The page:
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Post by Dr. Radio on Fri Mar 22, 2013 10:29 pm

Here's my isolation transfomer. It was marketed to tv servicers, but will work for any piece of equipment.

This style provides internal taps so when you set the incoming line voltage, you have a "high", "medium" and "low" output voltages via the different the outlets. This unit also provides direct (non-isolated) outputs. If you have a similar unit make sure you ONLY connect the equipment you are working on to the isolated side. Don't connect anything else to isolation transformer.

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I set the line-in voltage to 125 (as the bench power was a tad bit over 120). With this input set, the "high" output was around 130 volts, the "medium" output was around 117 and the "low" was about 107 volts. We'll use the medium outlet to power our radio as 117 volts is just about right for a vintage piece of equipment. The point of having different outputs is it can be a useful aid in troubleshooting. Running something at a higher voltage can "force out" any intermittents, so a set acts-up, lower voltage could be used to determine if poor performance soon results if a set is marginal at best.

So we'll be powering up our GE radio for the first time. cheers

The GE's "cheater" cord will connect between the radio chassis and the isolated side (the medium outlet) of the isolation transformer. The isolation transformer's power cord will connect to a regular outlet on the bench.


Stay tuned.... Very Happy

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Post by Dr. Radio on Fri Apr 05, 2013 10:36 pm

Well, it's time to power-up our radio for the first time!

Here's the bench set-up....

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There's enough bench space cleared so nothing can short if the chassis of the radio should lose it's balance due to an accident. The radio's "cheater cord" is connected and plugged into the isolated side of the isolation transformer. Don't forget, we don't have any speakers since those were pulled out of the cabinet as well. My bench has built in test speakers, so it was just a matter of connecting test jumpers from the output wires of the audio output transformer to the test connections above. The tubes were already plugged in (making sure they are in the correct socket).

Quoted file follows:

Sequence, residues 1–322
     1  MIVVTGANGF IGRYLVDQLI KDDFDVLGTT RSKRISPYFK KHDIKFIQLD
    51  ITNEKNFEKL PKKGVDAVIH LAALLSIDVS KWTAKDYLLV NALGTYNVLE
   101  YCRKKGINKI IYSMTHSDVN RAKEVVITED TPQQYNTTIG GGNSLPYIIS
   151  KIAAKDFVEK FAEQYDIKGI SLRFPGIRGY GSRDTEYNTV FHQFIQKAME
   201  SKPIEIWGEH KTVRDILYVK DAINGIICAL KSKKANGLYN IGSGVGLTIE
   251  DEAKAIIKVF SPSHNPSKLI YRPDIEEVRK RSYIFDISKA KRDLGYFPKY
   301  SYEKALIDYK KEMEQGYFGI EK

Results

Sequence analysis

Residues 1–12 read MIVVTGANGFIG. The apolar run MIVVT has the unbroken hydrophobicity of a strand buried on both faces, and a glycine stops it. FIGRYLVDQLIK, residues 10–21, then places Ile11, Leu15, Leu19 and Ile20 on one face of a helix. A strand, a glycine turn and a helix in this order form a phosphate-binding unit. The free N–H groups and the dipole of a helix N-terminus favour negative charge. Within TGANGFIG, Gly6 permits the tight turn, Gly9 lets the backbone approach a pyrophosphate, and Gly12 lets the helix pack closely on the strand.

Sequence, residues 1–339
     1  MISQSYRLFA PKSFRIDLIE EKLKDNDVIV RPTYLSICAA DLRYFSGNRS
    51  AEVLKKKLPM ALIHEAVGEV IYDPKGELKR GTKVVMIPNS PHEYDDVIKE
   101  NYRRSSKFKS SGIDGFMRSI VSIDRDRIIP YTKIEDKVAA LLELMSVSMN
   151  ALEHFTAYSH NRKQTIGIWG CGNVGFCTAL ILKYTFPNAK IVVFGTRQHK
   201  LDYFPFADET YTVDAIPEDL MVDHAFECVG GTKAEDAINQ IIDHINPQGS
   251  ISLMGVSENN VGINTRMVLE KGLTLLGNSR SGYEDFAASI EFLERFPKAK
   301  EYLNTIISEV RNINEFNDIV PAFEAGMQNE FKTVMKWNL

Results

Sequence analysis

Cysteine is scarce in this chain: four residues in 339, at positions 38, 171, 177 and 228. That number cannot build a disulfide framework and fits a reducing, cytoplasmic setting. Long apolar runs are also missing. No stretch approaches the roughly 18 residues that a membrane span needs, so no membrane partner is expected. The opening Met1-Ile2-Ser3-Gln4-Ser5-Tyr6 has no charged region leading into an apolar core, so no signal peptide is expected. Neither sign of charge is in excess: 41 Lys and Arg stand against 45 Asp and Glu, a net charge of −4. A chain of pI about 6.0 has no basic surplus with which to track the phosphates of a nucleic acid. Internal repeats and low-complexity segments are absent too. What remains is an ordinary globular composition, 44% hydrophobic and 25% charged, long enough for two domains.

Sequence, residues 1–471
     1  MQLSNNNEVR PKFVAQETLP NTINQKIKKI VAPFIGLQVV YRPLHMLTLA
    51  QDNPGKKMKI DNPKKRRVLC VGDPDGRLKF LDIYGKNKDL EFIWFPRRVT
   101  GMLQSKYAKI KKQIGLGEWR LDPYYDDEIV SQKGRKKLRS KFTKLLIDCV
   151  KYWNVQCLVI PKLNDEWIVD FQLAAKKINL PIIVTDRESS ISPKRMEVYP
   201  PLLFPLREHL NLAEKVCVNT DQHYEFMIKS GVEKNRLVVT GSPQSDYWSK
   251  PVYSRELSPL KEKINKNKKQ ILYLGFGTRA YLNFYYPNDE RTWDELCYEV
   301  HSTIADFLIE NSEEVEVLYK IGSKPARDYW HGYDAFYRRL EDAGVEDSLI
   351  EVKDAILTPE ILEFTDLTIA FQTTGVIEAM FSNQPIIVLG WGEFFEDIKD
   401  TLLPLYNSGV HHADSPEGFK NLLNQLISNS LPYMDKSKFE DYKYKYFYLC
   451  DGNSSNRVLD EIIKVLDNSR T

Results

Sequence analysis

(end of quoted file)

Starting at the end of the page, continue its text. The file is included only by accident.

So, with a "click" off the on/off switch.....


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Well, that's always a reassuring sign.... Very Happy Our tube heater circuit is good, we have the tubes lighting up! After a few more seconds some static and with the spin of the tuning capacitor's shaft----Picking up local radio stations clearly!
cheers

Now, especially for beginners, one might think we've successfully "restored" this radio.....NOT SO FAST! Just because it "works" doesn't mean it is working to it's full potential. Also, there could be problems just waiting to rear their ugly head. As tempting as it is to skip the next step, it is time to do some important 'health' checks of the radio's circuitry. Time to do the all-important voltage measurements.

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Post by Dr. Radio on Fri Apr 05, 2013 10:59 pm

Step by Step Restoration: GE T-106C, Let's go for it! - Page 3 Geresto73_zpsa11d998b

As noted on the schematic, our voltage measurements are taken in reference to "common", or B- on this radio. With our meter set to DC volts and the black negative probe connected to B-, we can now take the red probe of the meter and check various tube pin connections and test points and compare our readings with what is specified on the schematic.

***Important Hint***, These readings were taken with either a vacuum tube voltmeter or a low impedance multimeter back in the day. Modern equipment like my digital multimeter looks nearly "invisible" to the circuit, which means the readings will differ. It just takes some experience to get used to the differences to recognize what is clearly a wrong reading. Older equipment would tend to "load down" circuitry and you'd get lower voltage readings. Line voltages coming out of the wall outlet today are higher then they used to be.

Remember I used the "medium" outlet on the isolation transformer. You can see by my meter, it's pretty well dead-on to what the recommended input was stated at--117 volts AC input.

Don't forget to make sure your meter is correctly set to either DC or AC before you connect it into the circuitry under test.

Before reorganizing, or connecting anything, always unplug the incoming power and let electrolytic capacitors drain their charge before handling the components to avoid a shock. Keep the radio's on/off switch "ON" while you unplug it.

Here's the set-up for taking voltage measurements.....